Finance Bill

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Rob Marris: Will the Minister give us more information on the relationship between the five-year loan period and three-year accreditation period? I may be misreading the schedule, but paragraph 9(3) states that

    ''the loan must not have been made on terms that allow any person to require''

repayment within five years. If someone wants to invest in a CDFI, I would expect the investor to say, ''If accreditation isn't renewed, I shall want my money back.'' Although we want to encourage people to make loans, that would seem to fall foul of paragraph 9(3). Will the Minister explain the relationship?

Mr. Boateng: Yes, we do want to encourage people to make loans, but I would not put on the juxtaposition the interpretation that my hon. Friend the Member for Wolverhampton, South-West puts on it. Having a five-year period would not be of much assistance to an investor who makes an investment in year two or later, as there would still be accreditation during the holding period. The tax incentive recognises a number of risks and loss of accreditation is one of them.

The juxtaposition that my hon. Friend described will not have the effect that he fears. People will have to make a judgment, and it is right that they should consider all relevant factors when they make that judgment. The thrust of the legislation is not to protect people from the consequences of the decisions that they make. It is not to create a situation in which

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people do not look to make a commercial gain. That is what is so exciting about this—it is motivated by the desire to make a profit. If one is motivated in that way, one has to make a judgment and take into account the various risks that one's profit rewards one for taking. The measure, with its risks and its profits, is designed to promote that spirit of enterprise in our most disadvantaged communities. I hope that that response gives the Committee the assurance that it needs to enable it to give the clause its wholehearted backing and move on.

Mr. Flight: In the round, we wish CDFIs well and success. The Minister slightly misinterpreted my point. There is no doubt that venture capital incentives from the public sector have had a poor record and that harnessing private sector venture capital expertise for the benefit of deprived areas is a sensible approach.

11 am

My point was that a tax credit is being used for what amounts to a subsidy—an understandable justification. That makes it complex for both the Revenue and investors. Venture capital trusts, for example, have been relatively successful because they have been relatively simple, and I hope that the complexities inherent in using the tax system will not act as a drag on the success of this scheme. That is related to the issue of the three-year and five-year periods.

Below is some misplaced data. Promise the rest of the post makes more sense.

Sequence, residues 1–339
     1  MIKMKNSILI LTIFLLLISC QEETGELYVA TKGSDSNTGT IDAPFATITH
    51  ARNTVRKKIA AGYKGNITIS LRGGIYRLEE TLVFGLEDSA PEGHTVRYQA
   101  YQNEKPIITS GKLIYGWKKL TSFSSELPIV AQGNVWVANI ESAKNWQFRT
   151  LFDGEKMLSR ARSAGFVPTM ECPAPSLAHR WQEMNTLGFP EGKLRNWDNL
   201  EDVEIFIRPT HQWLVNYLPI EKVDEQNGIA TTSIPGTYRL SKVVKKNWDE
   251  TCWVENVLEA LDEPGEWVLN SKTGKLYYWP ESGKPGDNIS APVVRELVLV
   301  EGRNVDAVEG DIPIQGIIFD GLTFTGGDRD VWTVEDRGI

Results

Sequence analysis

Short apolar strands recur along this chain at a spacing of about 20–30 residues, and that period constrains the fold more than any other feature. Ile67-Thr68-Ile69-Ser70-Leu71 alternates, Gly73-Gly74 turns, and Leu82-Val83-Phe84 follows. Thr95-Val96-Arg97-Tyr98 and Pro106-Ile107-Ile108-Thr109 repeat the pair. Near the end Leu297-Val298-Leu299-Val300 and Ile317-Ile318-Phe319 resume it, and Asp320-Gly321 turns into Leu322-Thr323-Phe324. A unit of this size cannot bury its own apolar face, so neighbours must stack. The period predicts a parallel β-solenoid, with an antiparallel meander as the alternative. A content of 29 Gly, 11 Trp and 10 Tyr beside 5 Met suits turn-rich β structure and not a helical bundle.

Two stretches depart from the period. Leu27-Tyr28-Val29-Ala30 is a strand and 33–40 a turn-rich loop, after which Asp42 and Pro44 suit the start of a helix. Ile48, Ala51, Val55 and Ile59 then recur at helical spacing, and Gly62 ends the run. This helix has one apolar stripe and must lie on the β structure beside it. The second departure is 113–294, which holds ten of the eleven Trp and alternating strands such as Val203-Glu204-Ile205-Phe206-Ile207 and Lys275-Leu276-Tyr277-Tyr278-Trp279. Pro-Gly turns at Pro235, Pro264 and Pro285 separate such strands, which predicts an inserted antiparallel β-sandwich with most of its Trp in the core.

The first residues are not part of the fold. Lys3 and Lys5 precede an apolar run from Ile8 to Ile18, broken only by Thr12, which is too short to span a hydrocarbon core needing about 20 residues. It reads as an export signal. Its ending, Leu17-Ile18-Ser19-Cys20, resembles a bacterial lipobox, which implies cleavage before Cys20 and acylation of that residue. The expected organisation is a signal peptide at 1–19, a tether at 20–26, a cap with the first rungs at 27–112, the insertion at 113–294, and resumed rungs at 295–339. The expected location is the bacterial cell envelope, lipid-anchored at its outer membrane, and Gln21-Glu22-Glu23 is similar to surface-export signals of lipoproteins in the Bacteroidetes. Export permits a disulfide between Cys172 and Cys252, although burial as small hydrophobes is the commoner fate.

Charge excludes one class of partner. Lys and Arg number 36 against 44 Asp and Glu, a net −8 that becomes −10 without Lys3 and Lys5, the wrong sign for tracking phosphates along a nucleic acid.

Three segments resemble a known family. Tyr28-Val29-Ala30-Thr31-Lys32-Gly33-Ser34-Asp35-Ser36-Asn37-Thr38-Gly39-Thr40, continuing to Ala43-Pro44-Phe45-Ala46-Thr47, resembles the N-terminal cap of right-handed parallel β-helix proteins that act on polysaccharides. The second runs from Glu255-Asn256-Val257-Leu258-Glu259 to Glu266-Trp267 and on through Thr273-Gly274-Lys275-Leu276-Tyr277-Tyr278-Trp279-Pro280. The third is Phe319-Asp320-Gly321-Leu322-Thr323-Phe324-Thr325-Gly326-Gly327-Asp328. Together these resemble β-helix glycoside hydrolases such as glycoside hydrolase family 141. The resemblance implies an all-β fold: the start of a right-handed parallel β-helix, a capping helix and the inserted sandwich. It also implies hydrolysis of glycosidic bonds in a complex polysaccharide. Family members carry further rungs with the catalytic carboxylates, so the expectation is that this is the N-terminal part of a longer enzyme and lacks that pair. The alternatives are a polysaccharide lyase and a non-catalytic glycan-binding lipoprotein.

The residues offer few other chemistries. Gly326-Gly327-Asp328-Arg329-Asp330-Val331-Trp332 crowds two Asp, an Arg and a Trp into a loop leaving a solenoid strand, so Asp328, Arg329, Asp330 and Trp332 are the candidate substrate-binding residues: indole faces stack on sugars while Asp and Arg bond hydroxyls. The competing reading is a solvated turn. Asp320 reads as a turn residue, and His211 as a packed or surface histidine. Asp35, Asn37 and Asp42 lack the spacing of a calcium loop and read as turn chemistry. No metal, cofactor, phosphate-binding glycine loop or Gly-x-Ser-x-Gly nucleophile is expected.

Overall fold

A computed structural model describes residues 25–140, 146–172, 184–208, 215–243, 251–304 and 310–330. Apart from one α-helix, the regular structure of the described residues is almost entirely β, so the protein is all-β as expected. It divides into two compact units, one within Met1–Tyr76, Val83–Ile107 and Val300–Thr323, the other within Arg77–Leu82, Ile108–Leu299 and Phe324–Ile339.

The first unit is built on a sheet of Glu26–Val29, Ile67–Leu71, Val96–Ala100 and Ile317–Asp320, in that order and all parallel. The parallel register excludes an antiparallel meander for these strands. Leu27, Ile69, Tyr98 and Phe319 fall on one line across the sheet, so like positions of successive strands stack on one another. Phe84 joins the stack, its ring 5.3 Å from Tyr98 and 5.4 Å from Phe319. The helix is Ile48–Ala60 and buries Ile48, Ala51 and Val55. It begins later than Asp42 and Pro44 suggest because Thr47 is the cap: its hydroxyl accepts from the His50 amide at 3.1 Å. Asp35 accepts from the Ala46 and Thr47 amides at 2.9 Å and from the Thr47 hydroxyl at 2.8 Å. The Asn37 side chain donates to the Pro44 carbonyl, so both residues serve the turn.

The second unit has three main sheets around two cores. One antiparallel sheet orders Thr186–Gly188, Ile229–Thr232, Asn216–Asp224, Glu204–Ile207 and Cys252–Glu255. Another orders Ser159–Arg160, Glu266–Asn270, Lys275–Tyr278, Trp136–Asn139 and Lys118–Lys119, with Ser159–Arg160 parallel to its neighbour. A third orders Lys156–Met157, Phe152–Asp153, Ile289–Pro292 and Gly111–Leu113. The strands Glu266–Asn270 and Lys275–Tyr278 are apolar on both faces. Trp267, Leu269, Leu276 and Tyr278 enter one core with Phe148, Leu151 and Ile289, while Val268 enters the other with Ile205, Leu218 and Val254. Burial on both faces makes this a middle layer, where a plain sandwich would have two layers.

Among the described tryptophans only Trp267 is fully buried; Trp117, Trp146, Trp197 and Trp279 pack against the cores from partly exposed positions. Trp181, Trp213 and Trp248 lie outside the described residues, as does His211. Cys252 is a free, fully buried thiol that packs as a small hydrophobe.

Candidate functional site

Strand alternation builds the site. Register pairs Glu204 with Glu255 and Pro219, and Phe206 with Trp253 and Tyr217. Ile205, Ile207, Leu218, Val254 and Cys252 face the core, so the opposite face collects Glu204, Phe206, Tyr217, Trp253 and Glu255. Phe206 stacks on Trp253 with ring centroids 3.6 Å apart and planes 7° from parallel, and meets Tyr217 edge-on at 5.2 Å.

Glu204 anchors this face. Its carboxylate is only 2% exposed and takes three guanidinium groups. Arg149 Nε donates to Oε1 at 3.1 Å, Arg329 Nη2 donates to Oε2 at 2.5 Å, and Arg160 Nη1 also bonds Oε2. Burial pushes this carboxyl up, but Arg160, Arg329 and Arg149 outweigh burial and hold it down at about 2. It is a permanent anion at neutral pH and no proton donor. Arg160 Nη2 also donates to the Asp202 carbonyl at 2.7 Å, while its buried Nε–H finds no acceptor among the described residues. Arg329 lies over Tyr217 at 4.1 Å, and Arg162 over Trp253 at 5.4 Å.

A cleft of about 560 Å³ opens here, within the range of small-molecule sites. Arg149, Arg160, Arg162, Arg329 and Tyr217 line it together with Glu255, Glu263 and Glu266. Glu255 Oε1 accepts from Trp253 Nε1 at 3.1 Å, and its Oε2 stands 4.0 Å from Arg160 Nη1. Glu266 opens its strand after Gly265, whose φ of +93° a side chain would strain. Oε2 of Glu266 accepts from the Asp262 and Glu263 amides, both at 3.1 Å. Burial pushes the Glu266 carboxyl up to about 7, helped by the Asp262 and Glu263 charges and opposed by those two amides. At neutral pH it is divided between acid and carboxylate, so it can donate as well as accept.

If we want the measure to succeed, the tax rules need to be as clear and straightforward as possible, but it is difficult conceptually to ensure that for a measure that in reality provides a subsidy. However, we wish the measure well. Let us hope that the outstanding issues will be ironed out satisfactorily.

Question put and agreed to.

Schedule 16 agreed to.

Schedule 17 agreed to.

Clause 57

Relief for community amateur sports clubs

Question proposed, That the clause stand part of the Bill.

The Chairman: With this we shall discuss new clause 3—Community amateur sports clubs to be treated as charities—

    '.—(1) The promotion of sport, provision or sports facilities, physical education or healthy recreation by a registered community amateur sports club shall be treated as having a charitable purpose for the purposes of the Taxes Acts with effect from 17th April 2002.

    (2) Paragraphs 1, 2, 3, 11, 12, 13, 14 and 15 of Schedule 18 shall have effect from 17th April 2002.'.

Mr. Flight: The new clause is designed to probe the Government's intentions. Hon. Members will be aware that there has been an historic problem with sports not being deemed suitable activities for a charity. The Charity Commission refined that last November by decreeing that sports activities whose ultimate objectives were health and fitness could be

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viewed as suitable activities for a charity. In principle, that enabled a large number of sports clubs to qualify as charities. However, certain sports do not qualify, including angling.

Clause 57 and schedule 18 are designed to provide a framework of tax relief to those amateur sporting clubs that either cannot qualify as a charity or that decide that they do not want to do so. However, if an appropriate amateur sporting club is dedicated to a sport that does not qualify for charitable status, why have the Government not, for the sake of simplicity, granted tax exemptions that are parallel to those that would apply if it could qualify as a charity? We have, in effect, two sets of rules for sports clubs, one of which falls into the Inland Revenue's box and the other into the charitable box. They are not greatly different, but a few important differences relate to gifting and trading income. The Revenue impact will hardly be significant, so would it not have been simpler—per what new clause 3 would achieve—to give entirely parallel tax facilities to those available to charities?

On the subject of golf clubs and exploitation for social activities, the schedule empowers the Treasury to specify an eligible sport, so protection is retained against an exploitation of the principle. It seems unnecessary, however, to have cluttered up the system with two different tax packages. People who might want to support amateur sports clubs will make mistakes, which puts an onus on those running clubs to understand in detail both the charity rules and the Inland Revenue rules. Does it make sense to introduce a different tax package for such clubs?

Dr. John Pugh (Southport): I shall put all my remarks into one contribution to save the Committee time and to allow me to probe the Financial Secretary's philosophy on the subject.